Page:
Merc With A Movie: The 16-Year Odyssey of the "Deadpool" Film
Our pal Seth Hahne, of GoodOKBad fame, came up with this 31 Days of Comics challenge, one of those things where each day of the month you’re given a different category that you then make a choice of a comic to fill that category. I figured it would be a fun bit to do, so here we are! Click here to see each of the categories so far!
We continue with Day 7, which is Your Comfort Comic.
Read on for my pick and then you can share yours!
My comfort comic book is John Ostrander’s Suicide Squad.
I’ve read each of these comics (Ostrander’s run was 66 issues long, plus a tie-in mini-series and a tie-in one-shot and a not-quite-as-good crossover with Captain Atom and Checkmate) at least five times apiece (and many more times for my favorite issues – okay, maybe I haven’t read the Checkmate crossover five times) and I can still re-read these issues and enjoy them just as much today as I did two decades ago.
There are soooooo many cool moments that I could spotlight from the series, and believe me, I’ve spotlighted many of them over the years, but I figure I’ll go with one of my favorites, from the epic storyline in the mid-#30s.
To set the scene, Lashina, the head of the Female Furies, has been on the Suicide Squad for a year or so (she lost her memory). Once she regained her memory, she decided to go back to Apokolips to regain her place as the leader of the group – and she brought along (via kidnapping) the most powerful members of the Squad and Big Barda to help her as cannon fodder in her quest to get her position back (meanwhile, the rest of the Squad is trying to find a way to get to Apokolips to save their friends).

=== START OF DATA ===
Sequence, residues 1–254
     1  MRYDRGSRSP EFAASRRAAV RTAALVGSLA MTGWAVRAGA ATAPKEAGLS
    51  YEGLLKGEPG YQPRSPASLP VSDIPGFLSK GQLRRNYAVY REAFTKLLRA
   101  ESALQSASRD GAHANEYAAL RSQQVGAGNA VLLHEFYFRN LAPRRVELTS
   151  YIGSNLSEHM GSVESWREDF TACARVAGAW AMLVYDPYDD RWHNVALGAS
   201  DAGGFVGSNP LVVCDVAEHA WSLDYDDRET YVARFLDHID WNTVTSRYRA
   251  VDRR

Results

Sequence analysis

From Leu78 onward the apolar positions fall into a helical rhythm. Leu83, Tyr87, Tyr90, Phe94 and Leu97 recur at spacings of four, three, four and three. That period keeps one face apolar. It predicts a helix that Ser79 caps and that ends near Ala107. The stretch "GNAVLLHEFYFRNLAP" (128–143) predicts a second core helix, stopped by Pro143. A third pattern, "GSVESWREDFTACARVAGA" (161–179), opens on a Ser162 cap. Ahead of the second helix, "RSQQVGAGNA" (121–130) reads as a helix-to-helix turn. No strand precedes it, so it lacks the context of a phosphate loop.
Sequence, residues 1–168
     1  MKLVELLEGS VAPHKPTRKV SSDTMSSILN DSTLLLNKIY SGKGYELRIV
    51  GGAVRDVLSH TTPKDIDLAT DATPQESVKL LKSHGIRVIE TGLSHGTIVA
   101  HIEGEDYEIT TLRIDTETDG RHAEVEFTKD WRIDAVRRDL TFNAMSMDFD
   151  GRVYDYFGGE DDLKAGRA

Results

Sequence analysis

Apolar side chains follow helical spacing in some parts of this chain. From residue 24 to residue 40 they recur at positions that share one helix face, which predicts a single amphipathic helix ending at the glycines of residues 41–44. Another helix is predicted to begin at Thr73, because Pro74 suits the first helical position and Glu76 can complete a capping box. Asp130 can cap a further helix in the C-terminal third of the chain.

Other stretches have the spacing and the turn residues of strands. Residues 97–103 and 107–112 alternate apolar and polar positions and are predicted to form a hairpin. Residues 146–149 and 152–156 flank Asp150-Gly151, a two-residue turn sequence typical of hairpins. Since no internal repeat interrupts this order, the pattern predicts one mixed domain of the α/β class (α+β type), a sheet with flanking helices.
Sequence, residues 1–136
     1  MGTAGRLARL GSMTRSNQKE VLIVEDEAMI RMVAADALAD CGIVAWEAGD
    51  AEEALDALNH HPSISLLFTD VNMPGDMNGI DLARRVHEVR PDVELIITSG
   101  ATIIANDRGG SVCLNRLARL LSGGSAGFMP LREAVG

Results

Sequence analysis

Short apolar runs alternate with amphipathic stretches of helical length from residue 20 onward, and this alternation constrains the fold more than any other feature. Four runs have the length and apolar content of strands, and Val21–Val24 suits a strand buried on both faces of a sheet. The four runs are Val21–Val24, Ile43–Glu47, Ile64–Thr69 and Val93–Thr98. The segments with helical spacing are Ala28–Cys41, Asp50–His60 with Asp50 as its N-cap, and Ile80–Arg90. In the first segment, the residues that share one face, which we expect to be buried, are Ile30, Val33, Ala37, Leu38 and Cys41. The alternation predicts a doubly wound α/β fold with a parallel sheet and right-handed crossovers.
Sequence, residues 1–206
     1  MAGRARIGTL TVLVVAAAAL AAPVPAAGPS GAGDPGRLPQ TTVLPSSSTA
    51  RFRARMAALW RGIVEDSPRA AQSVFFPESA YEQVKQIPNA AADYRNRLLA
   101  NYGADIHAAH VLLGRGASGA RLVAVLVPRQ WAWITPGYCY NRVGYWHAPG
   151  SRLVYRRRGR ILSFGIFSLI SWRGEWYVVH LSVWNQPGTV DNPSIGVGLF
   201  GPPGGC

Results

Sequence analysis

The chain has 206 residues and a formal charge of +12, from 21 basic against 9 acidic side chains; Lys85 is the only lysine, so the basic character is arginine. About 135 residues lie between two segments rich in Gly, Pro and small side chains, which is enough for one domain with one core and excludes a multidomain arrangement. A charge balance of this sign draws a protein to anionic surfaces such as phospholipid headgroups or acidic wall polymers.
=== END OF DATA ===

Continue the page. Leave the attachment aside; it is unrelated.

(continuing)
The Squad did not fare exactly well against Darkseid’s minions, as seen here when Kanto takes down Count Vertigo…
Well, at the end of Suicide Squad #35, Lashina has her job back and she’s asked by Granny Goodness what to do with the Squad, and she says to kill them.
This leads to a great sequence courtesy of the issue’s writers, John Ostrander and Kim Yale, and some nice art from John K. Snyder and Geof Isherwood…
But Ostrander was also great at subtler, more political stuff, too, like when Batman broke into Belle Reve Prison in Suicide Squad #10 (by Ostrander and Luke McDonnell) to prove that the government was using supervillains as government agents (the whole concept behind Suicide Squad). Amanda Waller, head of the Squad, must find a way to keep Batman from revealing the secrets he’s learned. Colonel Rick Flagg, one of the few good guys on the Squad, is tasked to stop Batman before he makes his escape…
These comics are so fun to re-read.
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